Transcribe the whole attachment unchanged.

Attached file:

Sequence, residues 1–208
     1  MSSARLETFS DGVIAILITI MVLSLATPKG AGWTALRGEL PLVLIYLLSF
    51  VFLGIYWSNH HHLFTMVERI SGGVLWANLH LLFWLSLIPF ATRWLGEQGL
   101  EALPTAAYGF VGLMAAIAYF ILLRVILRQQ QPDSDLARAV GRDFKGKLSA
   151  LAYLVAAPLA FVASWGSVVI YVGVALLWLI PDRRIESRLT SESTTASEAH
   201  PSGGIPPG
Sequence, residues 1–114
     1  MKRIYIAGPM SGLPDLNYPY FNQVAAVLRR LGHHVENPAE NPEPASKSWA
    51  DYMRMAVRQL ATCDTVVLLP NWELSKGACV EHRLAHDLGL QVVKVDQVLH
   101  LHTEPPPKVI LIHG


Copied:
Sequence, residues 1–208
     1  MSSARLETFS DGVIAILITI MVLSLATPKG AGWTALRGEL PLVLIYLLSF
    51  VFLGIYWSNH HHLFTMVERI SGGVLWANLH LLFWLSLIPF ATRWLGEQGL
   101  EALPTAAYGF VGLMAAIAYF ILLRVILRQQ QPDSDLARAV GRDFKGKLSA
   151  LAYLVAAPLA FVASWGSVVI YVGVALLWLI PDRRIESRLT SESTTASEAH
   201  PSGGIPPG
Sequence, residues 1–114
     1  MKRIYIAGPM SGLPDLNYPY FNQVAAVLRR LGHHVENPAE NPEPASKSWA
    51  DYMRMAVRQL ATCDTVVLLP NWELSKGACV EHRLAHDLGL QVVKVDQVLH
   101  LHTEPPPKVI LIHG